4. Copies of all advertisements placed in the news media by Brigadoon Scotch Distributors, Ltd. or its agents in connection with the sale of whisky warehouse receipts or whisky.
5. A list of all parents, subsidiaries or affiliates of Brigadoon Scotch Distributors, Ltd.
6. A list of all persons with their addresses who are or have ever been officers, directors, partners or shareholders of Brigadoon Scotch Distributors, Ltd.
7. Copies of any financial statements, income statements or balance sheets reflecting Brigadoon Scotch Distributors, Ltd.'s financial condition for any period from January 1, 1968.
8. A list of all banks, factors, lending institutions or other corporations or persons which Brigadoon Scotch Distributors, Ltd. has used from January 1, 1968 to date in connection with the financing of the business of buying or selling whisky warehouse receipts or whisky, including but not limited to, places where funds have been deposited, loans obtained and transfer facilities used."
On April 14, 1971, a virtually identical subpoena was issued to Milbank Trading Company, Inc.; and on July 9, 1971, a subpoena, similar in all respects but one, was sent to Leith-Moor Scotch Whisky Co. The single difference in the Leith-Moor subpoena consisted of the omission of a request for the information contained in item (7) of the Brigadoon and Milbank subpoenas. Thus item (7) of the Leith-Moor subpoena corresponded to item (8) of the Brigadoon and Milbank subpoenas. The three companies responded with varying amounts of information, but none complied fully with the subpoenas. As a result, the Commission commenced these proceedings to compel compliance.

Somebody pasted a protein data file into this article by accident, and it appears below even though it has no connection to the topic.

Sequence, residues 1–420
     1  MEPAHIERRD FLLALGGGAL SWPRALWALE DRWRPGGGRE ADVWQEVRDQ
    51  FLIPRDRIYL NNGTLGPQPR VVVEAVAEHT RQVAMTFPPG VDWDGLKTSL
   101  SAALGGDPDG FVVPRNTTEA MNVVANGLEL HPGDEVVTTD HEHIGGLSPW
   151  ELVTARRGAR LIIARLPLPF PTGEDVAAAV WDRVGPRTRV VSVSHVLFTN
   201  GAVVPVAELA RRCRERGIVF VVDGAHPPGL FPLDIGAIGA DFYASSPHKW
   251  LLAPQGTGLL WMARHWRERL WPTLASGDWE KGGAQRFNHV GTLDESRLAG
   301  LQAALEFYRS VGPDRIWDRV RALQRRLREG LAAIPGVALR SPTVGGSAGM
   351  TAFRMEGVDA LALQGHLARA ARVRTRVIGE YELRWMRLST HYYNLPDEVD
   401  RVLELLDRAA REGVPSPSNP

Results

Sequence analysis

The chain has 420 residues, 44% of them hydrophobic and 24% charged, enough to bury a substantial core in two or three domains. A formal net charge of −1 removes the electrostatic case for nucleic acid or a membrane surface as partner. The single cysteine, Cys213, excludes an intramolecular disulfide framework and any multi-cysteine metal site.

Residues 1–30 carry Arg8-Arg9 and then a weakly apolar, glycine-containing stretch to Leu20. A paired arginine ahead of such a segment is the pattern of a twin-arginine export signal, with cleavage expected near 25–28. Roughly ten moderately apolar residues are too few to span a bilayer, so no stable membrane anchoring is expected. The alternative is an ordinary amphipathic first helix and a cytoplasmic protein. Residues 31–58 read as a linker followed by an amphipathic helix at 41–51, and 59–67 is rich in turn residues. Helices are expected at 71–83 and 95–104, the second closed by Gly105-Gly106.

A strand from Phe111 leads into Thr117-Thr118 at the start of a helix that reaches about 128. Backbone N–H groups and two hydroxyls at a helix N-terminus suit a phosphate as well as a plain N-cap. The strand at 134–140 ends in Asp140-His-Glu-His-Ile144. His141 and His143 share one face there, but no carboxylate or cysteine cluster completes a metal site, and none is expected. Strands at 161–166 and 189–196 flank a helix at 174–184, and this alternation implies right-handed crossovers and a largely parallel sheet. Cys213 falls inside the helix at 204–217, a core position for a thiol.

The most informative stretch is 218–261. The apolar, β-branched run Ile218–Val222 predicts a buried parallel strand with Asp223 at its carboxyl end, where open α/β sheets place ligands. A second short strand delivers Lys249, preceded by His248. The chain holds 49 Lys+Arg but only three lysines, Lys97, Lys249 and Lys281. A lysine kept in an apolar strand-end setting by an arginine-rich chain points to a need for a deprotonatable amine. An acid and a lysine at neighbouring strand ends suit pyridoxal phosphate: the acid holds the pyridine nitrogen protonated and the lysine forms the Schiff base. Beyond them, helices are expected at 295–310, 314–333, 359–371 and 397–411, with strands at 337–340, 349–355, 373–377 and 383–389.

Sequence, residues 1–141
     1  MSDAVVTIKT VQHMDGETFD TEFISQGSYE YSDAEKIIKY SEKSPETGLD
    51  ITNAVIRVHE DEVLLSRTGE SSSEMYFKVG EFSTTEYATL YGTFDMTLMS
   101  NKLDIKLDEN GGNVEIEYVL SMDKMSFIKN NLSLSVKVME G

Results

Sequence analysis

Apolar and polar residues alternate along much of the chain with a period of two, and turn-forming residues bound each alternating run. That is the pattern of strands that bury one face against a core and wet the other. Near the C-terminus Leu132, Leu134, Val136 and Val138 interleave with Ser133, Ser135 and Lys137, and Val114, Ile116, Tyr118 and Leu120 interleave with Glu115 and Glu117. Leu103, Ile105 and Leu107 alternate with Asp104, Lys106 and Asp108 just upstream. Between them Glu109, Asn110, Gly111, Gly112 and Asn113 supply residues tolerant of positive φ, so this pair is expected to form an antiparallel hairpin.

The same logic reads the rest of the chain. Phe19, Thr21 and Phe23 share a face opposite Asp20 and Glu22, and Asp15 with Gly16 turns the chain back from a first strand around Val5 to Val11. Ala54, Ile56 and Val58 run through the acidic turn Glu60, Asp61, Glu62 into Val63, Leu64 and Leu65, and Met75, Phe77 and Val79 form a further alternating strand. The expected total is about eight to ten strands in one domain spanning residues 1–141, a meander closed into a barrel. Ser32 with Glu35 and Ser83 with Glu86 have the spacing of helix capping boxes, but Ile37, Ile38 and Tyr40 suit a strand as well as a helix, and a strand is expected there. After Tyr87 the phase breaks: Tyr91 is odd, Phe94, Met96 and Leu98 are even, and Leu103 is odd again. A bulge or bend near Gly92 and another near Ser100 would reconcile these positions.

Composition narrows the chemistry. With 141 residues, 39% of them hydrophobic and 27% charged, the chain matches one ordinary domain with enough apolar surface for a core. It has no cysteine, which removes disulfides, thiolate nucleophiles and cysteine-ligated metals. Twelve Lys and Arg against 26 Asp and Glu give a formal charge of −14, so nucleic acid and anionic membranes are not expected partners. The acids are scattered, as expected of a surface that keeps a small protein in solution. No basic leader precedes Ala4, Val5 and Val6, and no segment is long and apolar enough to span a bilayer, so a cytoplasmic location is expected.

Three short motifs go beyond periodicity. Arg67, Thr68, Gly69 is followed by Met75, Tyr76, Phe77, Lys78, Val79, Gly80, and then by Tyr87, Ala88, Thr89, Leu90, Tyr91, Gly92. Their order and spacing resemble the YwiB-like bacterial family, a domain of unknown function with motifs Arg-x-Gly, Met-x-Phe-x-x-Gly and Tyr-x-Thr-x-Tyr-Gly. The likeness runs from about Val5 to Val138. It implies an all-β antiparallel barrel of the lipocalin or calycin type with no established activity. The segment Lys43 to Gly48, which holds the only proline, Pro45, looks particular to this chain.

Judge Tenney, relying on our decision in SEC v. Wall Street Transcript Corp., 422 F.2d 1371 (2d Cir.), cert. denied, 398 U.S. 958, 90 S.Ct. 2170, 26 L.Ed.2d 542 (1970), held in a memorandum decision dated September 5, 1972, that the information called for in items (1) through (6) of the three subpoenas should be produced. As to items (7) and (8) of the Brigadoon and Milbank subpoenas and item (7) of the Leith-Moor subpoena, Judge Tenney found that the information required would be irrelevant unless the Commission could demonstrate that respondents below were selling securities. To avoid "an unnecessary imposition on Respondents" that "possibly would damage their business" he denied enforcement of this portion of the subpoenas with leave to the SEC to renew its application upon a showing that the documents involved were in fact securities subject to regulation by the Commission. In addition, to lessen the impact on respondents' business which might result from inquiries by the Commission directed to respondents' customers and employees based upon the information supplied in items (1) and (2) of the subpoenas, Judge Tenney also provided that appropriate protective provisions should be entered in the final order.
Motions to reargue were made by the three respondents below and the SEC. Judge Tenney, in a memorandum decision dated January 10, 1973, granted the motions and adhered to his prior decision. The final Order, of February 14, 1973, required inter alia, that the Commission "recite to each and every business entity and person from whom documents, information, or testimony is requested" a statement to the effect that the SEC is conducting an investigation under the "authority and supervision" of the district court to determine whether the interests in whisky sold by appellants are securities; that the Commission has made no determination yet as to coverage under the federal securities laws; that no charges are pending; and that appellants contend that they sell "commodities" not subject to SEC regulation.
On this appeal, Brigadoon, Milbank, and Leith-Moor assert that the district court relied improperly on the Wall Street Transcript case, supra, and that they should not be forced to produce the information called for in items (1) through (6) of the subpoenas. The SEC contends that, to the contrary, the subpoenas
should have been enforced in their entirety, including items (7) and (8) of the Brigadoon and Milbank subpoenas and item (7) of the Leith-Moor subpoena, and that the Commission's investigators should not be required to recite the information contained in the protective provisions contained in the order...